India has integrated yoga and tantra into its spiritual life and development, and Chinese culture has for the most part integrated tai chi into daily life. All societies have some form of sacred art and music, but not all have integrated them into the spiritual journey. Sufism is an example where music is embedded in the spiritual life of its participants.
Each tradition of the inner experience must be open to all the others and derive benefit from one another. No tradition is exempt from the necessity of social engagement where justice is at stake; indeed, the work of justice is itself a spiritual practice.
Future forms of spirituality should incorporate the the natural world and hold an openness to the cosmic breadth. The goal is a harmonious relationship with both the earth and the universe.
Each form of spirituality is a living social organism capable of growth as it learns new insights. methods, and ways of formulating the goal of the mystical journey. If we trust the experience of other traditions, we can learn from them. In the future, each tradition of the spiritual life can be of value to the whole of humanity.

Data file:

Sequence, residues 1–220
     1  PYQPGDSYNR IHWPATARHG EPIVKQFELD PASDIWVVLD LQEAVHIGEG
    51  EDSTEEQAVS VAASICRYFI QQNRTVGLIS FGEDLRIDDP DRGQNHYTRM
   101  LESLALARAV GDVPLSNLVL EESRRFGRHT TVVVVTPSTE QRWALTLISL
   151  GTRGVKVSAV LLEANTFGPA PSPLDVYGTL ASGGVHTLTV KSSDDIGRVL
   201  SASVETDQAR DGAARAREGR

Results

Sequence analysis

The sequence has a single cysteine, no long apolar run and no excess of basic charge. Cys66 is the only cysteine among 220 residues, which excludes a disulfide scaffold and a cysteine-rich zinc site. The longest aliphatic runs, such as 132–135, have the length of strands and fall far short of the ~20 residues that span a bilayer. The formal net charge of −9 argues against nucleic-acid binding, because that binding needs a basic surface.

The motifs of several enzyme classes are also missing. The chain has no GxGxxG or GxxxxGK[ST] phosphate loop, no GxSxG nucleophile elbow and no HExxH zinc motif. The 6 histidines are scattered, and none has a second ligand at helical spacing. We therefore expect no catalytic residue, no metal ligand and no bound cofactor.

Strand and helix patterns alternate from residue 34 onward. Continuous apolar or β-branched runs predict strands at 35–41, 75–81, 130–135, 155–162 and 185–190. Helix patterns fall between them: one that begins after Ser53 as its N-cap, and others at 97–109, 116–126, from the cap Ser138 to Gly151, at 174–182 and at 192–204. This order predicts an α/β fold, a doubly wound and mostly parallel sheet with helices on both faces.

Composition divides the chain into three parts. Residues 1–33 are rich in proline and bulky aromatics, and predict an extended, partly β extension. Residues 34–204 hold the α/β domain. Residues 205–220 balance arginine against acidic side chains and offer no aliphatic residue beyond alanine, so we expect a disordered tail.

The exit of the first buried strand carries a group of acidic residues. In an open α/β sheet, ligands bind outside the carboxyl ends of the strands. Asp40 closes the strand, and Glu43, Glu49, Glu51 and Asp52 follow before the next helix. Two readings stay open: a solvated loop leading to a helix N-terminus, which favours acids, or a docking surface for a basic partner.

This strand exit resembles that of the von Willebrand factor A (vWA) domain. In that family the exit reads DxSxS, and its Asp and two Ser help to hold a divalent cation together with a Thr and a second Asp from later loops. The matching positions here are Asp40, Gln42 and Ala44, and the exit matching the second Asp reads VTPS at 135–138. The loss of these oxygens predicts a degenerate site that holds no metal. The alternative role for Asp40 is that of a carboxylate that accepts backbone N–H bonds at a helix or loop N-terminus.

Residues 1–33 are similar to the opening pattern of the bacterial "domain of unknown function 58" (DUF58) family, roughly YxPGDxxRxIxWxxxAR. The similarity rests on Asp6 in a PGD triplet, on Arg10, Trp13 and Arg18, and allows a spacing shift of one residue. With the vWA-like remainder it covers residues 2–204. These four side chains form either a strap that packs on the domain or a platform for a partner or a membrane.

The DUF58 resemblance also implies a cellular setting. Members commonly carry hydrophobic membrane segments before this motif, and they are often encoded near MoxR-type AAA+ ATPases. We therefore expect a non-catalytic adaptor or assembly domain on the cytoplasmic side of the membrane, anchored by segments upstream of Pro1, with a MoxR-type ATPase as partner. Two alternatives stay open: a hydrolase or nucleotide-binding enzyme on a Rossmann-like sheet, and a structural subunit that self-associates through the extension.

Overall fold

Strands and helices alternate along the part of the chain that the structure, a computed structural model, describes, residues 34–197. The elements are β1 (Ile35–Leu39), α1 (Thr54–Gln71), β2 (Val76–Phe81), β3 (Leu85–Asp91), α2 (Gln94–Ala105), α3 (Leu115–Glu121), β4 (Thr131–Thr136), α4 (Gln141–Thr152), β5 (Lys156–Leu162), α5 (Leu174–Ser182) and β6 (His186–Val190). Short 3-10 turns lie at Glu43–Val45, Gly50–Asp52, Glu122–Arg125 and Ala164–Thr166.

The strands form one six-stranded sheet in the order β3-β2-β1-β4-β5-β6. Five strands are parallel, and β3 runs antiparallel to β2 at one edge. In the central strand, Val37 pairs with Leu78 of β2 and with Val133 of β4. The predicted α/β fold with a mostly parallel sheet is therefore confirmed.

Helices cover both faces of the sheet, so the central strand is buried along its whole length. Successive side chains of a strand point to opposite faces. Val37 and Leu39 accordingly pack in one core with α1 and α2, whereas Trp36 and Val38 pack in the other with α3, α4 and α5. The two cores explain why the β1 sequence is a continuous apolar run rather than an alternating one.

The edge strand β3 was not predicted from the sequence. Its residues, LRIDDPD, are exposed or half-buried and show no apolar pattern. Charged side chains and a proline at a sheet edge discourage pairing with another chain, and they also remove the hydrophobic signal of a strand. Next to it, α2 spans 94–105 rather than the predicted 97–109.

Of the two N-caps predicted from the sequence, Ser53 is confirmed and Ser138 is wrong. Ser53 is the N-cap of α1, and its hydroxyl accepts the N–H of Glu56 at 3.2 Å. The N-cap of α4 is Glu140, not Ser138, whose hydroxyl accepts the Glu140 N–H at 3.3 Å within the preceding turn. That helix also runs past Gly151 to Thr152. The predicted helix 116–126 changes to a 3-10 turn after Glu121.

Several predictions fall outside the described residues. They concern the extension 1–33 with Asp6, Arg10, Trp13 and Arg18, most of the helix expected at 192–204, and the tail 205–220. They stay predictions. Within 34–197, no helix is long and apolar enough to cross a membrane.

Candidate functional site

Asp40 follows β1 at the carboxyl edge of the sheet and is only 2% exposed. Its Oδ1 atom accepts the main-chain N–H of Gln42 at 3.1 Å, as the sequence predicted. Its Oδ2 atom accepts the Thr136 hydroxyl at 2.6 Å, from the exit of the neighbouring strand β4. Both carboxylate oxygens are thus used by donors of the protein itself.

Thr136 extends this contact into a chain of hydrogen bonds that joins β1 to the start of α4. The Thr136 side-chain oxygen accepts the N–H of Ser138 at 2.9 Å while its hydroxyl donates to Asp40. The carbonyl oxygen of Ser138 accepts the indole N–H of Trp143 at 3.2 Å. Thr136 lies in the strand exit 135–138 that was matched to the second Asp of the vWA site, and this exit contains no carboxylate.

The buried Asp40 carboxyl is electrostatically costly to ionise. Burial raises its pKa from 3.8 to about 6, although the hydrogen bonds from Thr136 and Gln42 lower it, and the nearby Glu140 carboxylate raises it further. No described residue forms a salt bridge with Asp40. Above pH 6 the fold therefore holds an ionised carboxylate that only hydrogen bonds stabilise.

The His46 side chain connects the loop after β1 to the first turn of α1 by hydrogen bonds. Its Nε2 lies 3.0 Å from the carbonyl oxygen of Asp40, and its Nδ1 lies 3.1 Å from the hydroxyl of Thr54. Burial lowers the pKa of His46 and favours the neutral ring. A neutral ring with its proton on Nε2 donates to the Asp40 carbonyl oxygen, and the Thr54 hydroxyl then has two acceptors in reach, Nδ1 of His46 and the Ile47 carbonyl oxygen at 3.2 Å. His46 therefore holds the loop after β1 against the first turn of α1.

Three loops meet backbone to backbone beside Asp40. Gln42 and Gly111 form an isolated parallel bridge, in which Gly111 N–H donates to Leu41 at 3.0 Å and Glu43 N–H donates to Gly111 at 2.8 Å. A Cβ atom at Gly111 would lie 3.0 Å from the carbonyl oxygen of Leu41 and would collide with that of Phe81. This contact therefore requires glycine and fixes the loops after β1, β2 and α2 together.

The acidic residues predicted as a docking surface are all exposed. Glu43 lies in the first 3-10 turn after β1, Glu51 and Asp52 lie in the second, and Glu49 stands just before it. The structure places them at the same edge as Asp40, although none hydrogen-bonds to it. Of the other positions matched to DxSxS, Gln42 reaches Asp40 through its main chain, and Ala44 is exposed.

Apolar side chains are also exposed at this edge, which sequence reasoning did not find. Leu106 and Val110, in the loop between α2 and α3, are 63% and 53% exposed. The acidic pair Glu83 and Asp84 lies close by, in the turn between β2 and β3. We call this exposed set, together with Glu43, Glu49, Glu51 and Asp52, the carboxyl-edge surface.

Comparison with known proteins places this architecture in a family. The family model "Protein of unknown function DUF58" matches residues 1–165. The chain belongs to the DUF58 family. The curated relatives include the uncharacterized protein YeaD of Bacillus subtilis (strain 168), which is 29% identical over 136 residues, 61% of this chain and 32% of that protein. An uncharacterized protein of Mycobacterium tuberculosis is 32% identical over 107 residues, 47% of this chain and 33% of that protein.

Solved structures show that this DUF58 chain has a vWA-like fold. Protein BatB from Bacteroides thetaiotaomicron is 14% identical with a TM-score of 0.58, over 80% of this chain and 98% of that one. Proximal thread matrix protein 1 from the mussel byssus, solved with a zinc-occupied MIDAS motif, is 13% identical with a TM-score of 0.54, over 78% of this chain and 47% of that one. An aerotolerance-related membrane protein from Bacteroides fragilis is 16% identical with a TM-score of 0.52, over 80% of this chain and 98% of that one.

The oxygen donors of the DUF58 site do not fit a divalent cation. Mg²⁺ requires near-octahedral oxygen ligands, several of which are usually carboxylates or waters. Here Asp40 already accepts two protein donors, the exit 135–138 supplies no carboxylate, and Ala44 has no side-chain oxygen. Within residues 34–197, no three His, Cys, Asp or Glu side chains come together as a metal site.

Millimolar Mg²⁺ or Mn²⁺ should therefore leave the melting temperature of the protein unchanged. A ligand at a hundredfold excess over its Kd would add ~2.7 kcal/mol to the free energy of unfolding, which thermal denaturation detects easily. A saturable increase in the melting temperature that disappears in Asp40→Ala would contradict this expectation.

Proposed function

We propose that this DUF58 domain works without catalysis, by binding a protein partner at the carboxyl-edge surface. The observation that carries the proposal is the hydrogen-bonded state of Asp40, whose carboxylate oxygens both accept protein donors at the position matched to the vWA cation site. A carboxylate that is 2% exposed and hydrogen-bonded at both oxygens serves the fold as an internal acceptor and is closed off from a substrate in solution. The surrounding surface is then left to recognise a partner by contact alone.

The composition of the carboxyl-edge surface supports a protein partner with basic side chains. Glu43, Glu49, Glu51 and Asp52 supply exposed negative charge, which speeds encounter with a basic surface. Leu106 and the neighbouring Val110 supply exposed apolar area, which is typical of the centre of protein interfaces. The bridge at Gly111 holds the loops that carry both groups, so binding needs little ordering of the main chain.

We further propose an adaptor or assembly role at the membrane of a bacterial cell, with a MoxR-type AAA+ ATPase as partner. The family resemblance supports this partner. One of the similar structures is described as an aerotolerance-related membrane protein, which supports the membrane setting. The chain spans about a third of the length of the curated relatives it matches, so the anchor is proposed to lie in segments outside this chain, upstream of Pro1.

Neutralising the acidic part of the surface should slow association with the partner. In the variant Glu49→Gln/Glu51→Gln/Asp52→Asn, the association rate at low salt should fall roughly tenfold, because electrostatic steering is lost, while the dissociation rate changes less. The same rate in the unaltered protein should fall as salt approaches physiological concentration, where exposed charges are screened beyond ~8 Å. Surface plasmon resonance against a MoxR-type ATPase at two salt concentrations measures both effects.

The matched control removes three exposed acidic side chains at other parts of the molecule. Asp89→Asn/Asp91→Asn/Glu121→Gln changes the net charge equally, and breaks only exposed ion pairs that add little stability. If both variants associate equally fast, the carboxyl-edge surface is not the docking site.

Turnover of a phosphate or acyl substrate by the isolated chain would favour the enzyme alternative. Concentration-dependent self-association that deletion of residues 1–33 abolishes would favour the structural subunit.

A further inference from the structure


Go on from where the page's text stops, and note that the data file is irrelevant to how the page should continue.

“Universal spirituality is also holistic, integrating body with the mind, soul, consciousness, and spirit. Any system of spirituality that concentrates only on the mind and excludes the body and the spirit is inadequate. Forms of movement meditation, from yoga to walking, are ways of bringing the body into harmony with the mind, the spirit, and nature.
Many forms of spiritual life work only from the neck up, as if the body didn’t exist. We need to find creative ways to include the body in the spiritual journey. The West has had an unbalanced View of the place of the body in the spiritual journey. This lack of balance must be corrected. The body is sacred, and it has to be integrated positively into the mystical life.”
Wayne Teasdale – The Mystic Heart